Patterico's Pontifications

4/10/2012

Santorum Suspends Campaign

Filed under: General — Patterico @ 7:34 pm

He wasn’t going to win, so I think it’s a good thing. Why force Romney to spend more money he could be using to defeat Obama?

Obama’s war on women: True but false!

Filed under: General — Karl @ 9:55 am

[Posted by Karl]

It took Rathergate for the NYT to coin the phrase “Fake But Accurate,” but WaPo “fact-checker” Glenn Kessler nearly matches it with his rarest of ratings today:

“For far too long women have been left behind in Obama’s job market. Of the 740,000 jobs lost since Obama took office, 683,000 of them were held by women. That is truly unsustainable.”

— Statement by Sharon Day, co-chair of the Republican National Committee, April 6, 2012

In an effort to fight back against Democratic claims of a Republican “war on women,” the Republican National Committee has rolled out a new and startling fact—that under Obama, women have lost seven times as many jobs as men.

We found this statistic surprising because we had been under the impression that men had fared worse than women in the recession. So do the RNC’s numbers add up?

 It turns out they do, but Kessler throws a penalty flag anyway:

We cannot fault the RNC’s math, as the numbers add up. But at this point this figure doesn’t mean very much. It may simply a function of a coincidence of timing — a brief blip that could have little to do with “Obama’s job market.”

If trends hold up over the next few months, then the RNC might have a better case. But at this point we will give this statistic our rarely used label: 

TRUE BUT FALSE

As fundraiser/consultant Nathan Wurtzel quipped: “Fair, but biased.”  That the WaPo shuttered its Ministry of Truth while Democrats controlled the elected branches of the federal government was sort of a general tip off.  In this particular case, Kessler’s analysis is based on measuring Obama’s jobs record from the end of the recession (which favors Obama) rather than from the date of his inauguration (which Kessler admits is a common political and journalistic metric).  Aside from the fairness issue in changing metrics, I would argue that policy lag should warrant not measuring from Day One (although not necessarily from the end of the recession (which artifically assumes a connection between the policy and the recovery).  Yet Kessler concedes that even by his own metric, more than 2.2 million gross jobs have been added under Obama, but the gain for women was just 284,000.  If we are going into the progressive narrative of identity politics, even Kessler’s narrative is ugly for women.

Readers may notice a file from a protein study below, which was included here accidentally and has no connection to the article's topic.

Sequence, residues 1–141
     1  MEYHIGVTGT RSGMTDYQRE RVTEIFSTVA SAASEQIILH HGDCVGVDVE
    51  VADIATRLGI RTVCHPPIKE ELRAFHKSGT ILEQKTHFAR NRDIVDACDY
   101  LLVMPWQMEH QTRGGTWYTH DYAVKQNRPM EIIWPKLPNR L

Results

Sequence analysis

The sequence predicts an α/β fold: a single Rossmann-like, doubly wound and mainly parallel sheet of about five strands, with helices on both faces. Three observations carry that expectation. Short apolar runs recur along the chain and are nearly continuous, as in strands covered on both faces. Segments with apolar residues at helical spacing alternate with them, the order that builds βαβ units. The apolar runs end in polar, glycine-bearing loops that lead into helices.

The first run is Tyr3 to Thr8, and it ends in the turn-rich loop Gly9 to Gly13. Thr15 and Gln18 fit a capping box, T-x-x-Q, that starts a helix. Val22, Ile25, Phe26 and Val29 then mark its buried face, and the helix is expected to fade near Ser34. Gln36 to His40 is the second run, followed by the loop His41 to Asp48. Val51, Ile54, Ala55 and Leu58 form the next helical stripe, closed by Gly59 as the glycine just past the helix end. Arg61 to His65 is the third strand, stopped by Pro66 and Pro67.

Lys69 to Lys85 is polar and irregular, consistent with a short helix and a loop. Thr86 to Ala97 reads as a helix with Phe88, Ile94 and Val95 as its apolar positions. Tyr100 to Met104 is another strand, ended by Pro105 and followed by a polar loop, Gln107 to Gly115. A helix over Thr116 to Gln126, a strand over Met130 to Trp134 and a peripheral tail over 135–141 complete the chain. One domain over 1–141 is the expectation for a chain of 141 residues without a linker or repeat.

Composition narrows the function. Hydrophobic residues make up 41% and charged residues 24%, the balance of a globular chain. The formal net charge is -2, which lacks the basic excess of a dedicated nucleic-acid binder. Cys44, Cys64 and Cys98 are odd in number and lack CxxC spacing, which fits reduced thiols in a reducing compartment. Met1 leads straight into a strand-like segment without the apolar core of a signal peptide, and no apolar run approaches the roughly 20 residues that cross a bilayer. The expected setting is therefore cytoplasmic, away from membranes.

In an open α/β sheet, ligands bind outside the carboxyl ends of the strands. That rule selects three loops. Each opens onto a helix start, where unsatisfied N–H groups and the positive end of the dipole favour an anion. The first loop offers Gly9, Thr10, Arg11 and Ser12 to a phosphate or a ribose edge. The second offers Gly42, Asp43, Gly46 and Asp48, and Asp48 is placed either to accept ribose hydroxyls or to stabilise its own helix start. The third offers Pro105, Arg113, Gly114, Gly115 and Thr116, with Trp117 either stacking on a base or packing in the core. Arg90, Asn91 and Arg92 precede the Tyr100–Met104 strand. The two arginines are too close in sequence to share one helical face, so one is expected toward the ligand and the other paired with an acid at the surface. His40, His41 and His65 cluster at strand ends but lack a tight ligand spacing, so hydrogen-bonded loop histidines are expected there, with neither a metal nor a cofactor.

Worse, Kessler does a half-baked analysis of why his narrative is ugly for women:

Now that the economy is growing again, men are recovering jobs at a faster pace than women. In fact, the latest employment report shows that male participation in the work force was up 14,000 while female participation fell 177,000, in part because women tend to work in retail or government jobs, which have been cut in recent months.

Is this a function of Obama’s policies? It’s unclear at this point, but it certainly is an under-reported phenomenon that the RNC, in its use of this statistic, is trying to highlight.

Contra Kessler, this is not unclear.  Women far outnumber men on state and local government payrolls (especially in public schools), which were propped up by Obama’s stimulus money.  In fact, there is general agreement that the jobs “saved” by the stimulus were primarily in government, and education (which is mostly government).  That money was spent.  State and local governments then had to at least nod in the direction of rationalizing their spending, as the private sector already had.  The result was unemployment for hundreds of thousands of women starting in 2010.  Of course, this does not show that Obama is waging a war on women now so much as that he entered office waging a war for government at every level.

Bias and sloppy analysis aside, my biggest complaint with establishment media “fact-checking” is the condescension and arrogance involved in pretending political debates are much simpler questions of fact.  The Orwellian — or Pythonesque — “True But False” rating is just the poster child for the problems inherent in the effort.

–Karl


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